He started his literary career as a journalist in Birmingham, then in 1844 moved to London to work as a writer and editor for various newspapers and magazines. Banks published several novels, including "The Manchester Man," which gained significant popularity in its time. He was also known for his poems and biographies of figures such as William Shakespeare and Elizabeth Fry. Banks was a close friend of Charles Dickens and often contributed to his publications. In addition, he was actively involved in social reform and was a member of the temperance movement. Banks continued to write and publish until his death in 1881.

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Isaac Deutscher

Isaac Deutscher (April 3, 1907 Chrzanów-August 19, 1967 Rome) was a British writer.

He was born in Poland and grew up in a Jewish family. Deutscher was a Marxist and became well-known for his biographies of Leon Trotsky. He also wrote extensively on Soviet and Eastern European affairs. During World War II, he worked for the BBC's Polish Service and later became a correspondent for The Observer. His most famous works include the trilogy on Trotsky - "The Prophet Armed," "The Prophet Unarmed," and "The Prophet Outcast" - as well as "Stalin: A Political Biography" and "The Non-Jewish Jew and Other Essays." Deutscher's writing was known for its intellectual depth and critical perspective on Marxism and Soviet politics, earning him a reputation as one of the most influential left-wing thinkers of the mid-20th century.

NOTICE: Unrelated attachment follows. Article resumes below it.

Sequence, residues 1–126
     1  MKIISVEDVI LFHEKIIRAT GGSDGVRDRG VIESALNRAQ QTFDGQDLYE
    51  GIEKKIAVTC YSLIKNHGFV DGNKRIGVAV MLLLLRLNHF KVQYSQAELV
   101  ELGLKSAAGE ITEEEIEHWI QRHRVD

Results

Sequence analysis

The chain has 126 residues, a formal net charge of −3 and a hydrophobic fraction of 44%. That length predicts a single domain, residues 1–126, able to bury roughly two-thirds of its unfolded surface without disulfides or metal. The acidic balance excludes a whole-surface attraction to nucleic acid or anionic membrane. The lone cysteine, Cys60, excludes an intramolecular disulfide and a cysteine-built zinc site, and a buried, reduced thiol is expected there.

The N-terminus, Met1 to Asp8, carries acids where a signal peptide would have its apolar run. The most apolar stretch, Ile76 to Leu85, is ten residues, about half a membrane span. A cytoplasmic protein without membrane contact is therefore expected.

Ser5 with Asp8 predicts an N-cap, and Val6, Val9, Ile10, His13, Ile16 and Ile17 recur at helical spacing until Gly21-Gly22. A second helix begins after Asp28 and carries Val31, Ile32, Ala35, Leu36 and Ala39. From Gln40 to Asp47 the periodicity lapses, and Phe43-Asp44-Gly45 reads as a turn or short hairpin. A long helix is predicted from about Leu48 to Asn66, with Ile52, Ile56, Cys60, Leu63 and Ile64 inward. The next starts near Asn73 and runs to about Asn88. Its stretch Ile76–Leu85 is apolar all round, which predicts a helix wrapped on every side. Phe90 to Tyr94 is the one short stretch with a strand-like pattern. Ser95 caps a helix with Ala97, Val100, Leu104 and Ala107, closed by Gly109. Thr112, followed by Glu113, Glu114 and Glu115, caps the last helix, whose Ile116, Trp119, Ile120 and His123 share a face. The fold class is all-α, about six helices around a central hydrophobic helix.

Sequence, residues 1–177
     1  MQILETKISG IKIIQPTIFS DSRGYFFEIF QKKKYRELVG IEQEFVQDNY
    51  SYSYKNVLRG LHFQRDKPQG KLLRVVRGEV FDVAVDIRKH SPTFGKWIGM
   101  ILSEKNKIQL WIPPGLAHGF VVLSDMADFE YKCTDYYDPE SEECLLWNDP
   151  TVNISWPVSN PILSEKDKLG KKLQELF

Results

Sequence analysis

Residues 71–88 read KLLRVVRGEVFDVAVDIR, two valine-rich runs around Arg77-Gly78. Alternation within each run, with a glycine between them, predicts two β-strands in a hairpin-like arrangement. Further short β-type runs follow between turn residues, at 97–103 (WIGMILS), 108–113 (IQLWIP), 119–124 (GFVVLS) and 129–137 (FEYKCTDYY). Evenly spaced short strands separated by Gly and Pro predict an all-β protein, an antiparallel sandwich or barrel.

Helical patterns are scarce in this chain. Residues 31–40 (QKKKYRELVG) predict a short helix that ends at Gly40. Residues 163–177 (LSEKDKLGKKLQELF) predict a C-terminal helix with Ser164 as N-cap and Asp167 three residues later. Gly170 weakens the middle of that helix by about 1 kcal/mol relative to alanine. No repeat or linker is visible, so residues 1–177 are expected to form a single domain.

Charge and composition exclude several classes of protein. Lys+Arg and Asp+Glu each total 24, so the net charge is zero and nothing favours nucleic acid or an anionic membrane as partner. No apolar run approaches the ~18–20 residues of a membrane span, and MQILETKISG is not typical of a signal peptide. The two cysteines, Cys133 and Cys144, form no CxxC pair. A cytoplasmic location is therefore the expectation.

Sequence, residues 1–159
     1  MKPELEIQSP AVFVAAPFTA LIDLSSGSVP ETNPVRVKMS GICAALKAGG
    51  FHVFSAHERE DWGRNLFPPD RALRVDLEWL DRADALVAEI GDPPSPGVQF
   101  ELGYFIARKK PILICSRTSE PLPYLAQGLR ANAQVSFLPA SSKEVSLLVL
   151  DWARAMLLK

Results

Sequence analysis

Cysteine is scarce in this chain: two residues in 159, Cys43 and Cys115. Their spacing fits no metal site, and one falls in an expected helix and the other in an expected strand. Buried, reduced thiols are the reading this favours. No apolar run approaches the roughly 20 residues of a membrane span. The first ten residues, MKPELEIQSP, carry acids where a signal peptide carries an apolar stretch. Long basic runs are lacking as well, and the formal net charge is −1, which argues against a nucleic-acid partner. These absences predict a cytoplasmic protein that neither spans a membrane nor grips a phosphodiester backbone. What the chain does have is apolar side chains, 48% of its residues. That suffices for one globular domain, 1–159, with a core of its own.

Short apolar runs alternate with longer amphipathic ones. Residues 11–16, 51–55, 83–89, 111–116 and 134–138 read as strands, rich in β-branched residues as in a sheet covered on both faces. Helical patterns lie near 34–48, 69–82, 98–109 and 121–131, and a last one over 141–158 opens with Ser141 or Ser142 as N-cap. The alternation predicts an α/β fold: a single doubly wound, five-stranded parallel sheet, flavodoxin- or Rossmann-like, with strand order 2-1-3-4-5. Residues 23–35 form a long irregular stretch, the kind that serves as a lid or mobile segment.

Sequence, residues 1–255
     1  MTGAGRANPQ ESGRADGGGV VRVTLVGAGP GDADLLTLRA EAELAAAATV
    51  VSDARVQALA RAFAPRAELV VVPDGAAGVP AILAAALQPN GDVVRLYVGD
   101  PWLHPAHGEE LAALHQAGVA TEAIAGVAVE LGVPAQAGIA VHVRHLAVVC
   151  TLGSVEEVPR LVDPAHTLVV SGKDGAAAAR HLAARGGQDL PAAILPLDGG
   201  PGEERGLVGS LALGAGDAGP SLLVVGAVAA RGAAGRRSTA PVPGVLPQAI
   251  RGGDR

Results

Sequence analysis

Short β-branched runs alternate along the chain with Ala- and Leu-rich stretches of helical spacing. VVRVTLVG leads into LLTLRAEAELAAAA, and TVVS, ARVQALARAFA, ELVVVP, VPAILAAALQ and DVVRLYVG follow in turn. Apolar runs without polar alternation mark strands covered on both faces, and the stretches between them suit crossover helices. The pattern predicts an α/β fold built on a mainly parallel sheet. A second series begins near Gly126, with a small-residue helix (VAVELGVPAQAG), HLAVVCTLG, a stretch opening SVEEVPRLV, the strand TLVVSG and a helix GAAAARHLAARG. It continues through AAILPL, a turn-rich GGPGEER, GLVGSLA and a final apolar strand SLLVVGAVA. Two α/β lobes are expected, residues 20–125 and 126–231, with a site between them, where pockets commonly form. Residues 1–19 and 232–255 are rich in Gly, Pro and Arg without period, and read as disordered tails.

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Edward Braddock

Edward Braddock (January 1, 1695 Perthshire-July 13, 1755 North America) was a British personality.

He was a Major General in the British Army and served in a number of conflicts including the War of the Spanish Succession and the War of Jenkins' Ear. Braddock is best known for his role in the French and Indian War, where he led an ill-fated expedition against the French and their Native American allies in 1755. Despite having a larger force, Braddock was defeated and mortally wounded in the Battle of the Monongahela. His legacy lives on in various places throughout North America, including the city of Braddock, Pennsylvania and Braddock Heights, Maryland.

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John Lennard-Jones